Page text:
AuthorTopic: My Pixel Tutorials  (Read 6632 times)

Offline fawel

  • 0001
  • *
  • Posts: 62
  • Karma: +0/-0
    • View Profile

My Pixel Tutorials

on: March 10, 2007, 05:04:06 am
I have created two tutorials on pixelling, one jsut now and the other about 5 months ago.  The one I just finsihed was a dithering tutorial using and expanding upon an image with different dither techniques Helm posted sometime back.  This is it:



OLIV'S DITHERING TUTORIAL[/color]

Dithering is a technique spriting technique used to transition colors, give the appearance of multiple colors, and to give texture.  I have compiled 7 basic dithering styles here.  I ahve also broken down the traditional dither into 4 parts, and show a technique you can use to soften any dither.

As you look through the tutorial, look at the textures the dithers create and think about what they could be used for.  Most of them could be used for anything, but one may be especially suited for vloth, mottled skin, metal, etc.


The Completed Basic Dither

Description  The complete dither.  It is composed of 10%, 25%, 50%, and 75% dithers.  This dither is not used for texturing, but for smoothly transitioning colors.

The Components of the Basic Dither[/i]

10% Dither

Description  The first part of the complete dither.

25% Dither

Description  The second part of the completed dither.  This has a noticable texture, and is good for creating a soft shadow that does not go into 50% dither.

50% Dither

Description  Third part of the complete dither.  The most commonly known dither style.  Is useful for creating a flat in-between shade.

75% Dither

Description  The fourth component of the complete dither.  This is the only of the components that gives a real "texture."  This is caused by the crosses.

Those are the components of the completed dither.  Many can be used on their own, or in different pairs or trios.  I reommend when dithering a large basically unrestricted piece dithering 25% - 50% - 25% between shades.  For smaller sprites, just do a straight 50% dither.  The only time you should need the complete dither is if you are working on a very large piece with very restrciting colors.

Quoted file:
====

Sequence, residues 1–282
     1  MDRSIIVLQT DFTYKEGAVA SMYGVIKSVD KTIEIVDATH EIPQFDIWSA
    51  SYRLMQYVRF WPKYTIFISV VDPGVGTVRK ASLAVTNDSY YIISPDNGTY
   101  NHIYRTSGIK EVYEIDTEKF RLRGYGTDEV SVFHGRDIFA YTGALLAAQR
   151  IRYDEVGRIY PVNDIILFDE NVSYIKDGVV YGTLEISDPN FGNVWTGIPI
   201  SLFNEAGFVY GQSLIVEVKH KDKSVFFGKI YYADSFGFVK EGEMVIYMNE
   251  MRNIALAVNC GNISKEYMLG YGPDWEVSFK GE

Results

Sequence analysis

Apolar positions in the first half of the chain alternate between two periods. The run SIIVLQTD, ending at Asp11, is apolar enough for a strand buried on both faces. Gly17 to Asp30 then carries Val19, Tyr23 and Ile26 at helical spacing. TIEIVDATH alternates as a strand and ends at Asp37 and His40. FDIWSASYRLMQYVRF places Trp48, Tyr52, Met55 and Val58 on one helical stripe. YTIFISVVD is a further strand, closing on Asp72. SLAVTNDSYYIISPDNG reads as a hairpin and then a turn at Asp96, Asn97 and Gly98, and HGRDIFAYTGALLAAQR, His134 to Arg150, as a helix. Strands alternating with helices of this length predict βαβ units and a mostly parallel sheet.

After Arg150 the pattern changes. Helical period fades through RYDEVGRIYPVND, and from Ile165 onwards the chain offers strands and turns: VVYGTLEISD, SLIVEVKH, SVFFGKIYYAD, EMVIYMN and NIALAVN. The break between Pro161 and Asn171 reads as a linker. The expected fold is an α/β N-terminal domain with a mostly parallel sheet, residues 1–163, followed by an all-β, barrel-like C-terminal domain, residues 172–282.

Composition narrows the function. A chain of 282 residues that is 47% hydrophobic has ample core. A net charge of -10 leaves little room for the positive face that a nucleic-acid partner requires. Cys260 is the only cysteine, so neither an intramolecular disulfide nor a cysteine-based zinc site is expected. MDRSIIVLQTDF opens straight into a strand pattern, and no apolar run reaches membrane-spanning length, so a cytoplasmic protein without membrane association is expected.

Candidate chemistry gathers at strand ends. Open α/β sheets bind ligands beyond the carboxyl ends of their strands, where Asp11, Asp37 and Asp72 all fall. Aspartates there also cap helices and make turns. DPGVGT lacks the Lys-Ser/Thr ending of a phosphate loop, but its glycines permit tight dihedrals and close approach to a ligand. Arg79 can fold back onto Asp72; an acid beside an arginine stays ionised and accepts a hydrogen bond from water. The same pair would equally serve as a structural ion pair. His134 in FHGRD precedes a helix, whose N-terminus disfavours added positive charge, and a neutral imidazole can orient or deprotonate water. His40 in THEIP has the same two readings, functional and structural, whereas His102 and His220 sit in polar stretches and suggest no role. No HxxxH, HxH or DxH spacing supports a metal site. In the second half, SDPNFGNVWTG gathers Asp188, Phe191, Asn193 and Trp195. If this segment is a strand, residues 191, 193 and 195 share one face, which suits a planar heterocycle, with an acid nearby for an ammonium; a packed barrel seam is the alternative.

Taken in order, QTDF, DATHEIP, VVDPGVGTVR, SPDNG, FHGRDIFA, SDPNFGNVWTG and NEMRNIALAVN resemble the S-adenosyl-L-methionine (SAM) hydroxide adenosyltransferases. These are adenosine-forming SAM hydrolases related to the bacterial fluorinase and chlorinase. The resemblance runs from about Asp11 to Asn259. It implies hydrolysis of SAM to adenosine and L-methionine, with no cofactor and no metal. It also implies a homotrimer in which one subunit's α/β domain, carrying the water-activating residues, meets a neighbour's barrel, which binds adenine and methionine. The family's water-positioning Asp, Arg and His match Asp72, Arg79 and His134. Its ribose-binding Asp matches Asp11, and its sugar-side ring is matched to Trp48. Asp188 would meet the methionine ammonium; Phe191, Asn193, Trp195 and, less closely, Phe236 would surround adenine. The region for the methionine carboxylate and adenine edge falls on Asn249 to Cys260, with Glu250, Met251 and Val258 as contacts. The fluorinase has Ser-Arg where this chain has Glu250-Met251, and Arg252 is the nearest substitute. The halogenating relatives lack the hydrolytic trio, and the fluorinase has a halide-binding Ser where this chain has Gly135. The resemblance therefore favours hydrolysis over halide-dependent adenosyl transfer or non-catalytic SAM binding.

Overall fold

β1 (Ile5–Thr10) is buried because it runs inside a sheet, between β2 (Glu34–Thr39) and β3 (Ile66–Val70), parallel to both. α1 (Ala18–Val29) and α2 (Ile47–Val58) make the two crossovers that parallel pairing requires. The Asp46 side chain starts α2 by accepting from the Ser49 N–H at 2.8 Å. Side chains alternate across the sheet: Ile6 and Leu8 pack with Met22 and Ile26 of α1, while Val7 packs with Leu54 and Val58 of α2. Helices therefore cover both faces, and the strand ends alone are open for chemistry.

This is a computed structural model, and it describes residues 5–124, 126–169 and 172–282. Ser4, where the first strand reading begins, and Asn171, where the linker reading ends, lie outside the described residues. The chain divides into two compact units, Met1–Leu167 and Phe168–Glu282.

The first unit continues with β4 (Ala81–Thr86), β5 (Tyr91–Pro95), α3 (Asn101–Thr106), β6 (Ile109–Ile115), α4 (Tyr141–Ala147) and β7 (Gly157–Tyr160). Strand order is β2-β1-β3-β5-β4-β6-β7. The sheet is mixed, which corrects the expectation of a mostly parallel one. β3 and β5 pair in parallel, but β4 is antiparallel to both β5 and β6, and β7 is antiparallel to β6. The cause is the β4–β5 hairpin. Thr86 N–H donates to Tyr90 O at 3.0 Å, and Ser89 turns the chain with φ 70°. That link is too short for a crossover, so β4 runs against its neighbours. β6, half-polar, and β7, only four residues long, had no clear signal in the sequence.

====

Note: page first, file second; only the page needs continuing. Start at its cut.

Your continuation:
Dither Styles
These dithers are not only used for transitioning, but also for texturing.

Brickwork


Diagonal


Groady


Horizontal


Scribble


Vertical


I also want to show you how to "soften" or "extend" a dither.  It's very simple, you just take the raw dither like the vertical:

And tack on some extra pixels, effectively softening and making the transition more gradual, like this:



Here are all the dithers at regualr size in one image:


That is what dithering is.  Not something you can really teach, but something you have to look at and understand what is being done and how.  I hope this helps you understand pixelling better :)



That is the first tutorial.  My other one, which was to teach basic spriting skills as far as highlights, color cholce, AA, and what a nice looking sprite is composed of is here:



oliv's basic platform sprtiting tutorial


Part1

Use greys to sketch a concept of what the sprite will be.  Darker greys for shadows, lighter for basic lines.  Do NOT begin cleaning up the lines while they are grey.  The idea here was a robotic dinosaur with a cockpit where the head was, but that changed.

Part2

Use black to create an outline, on top of the greys.  make sure the black outline is as clean as possible.  Try fluxuating the black outline across different parts of the greys, to help see which lines are more natural.

Part3

Basic clean up, get rid of greys, and if anything about the lines looks awkward change it now.

Part4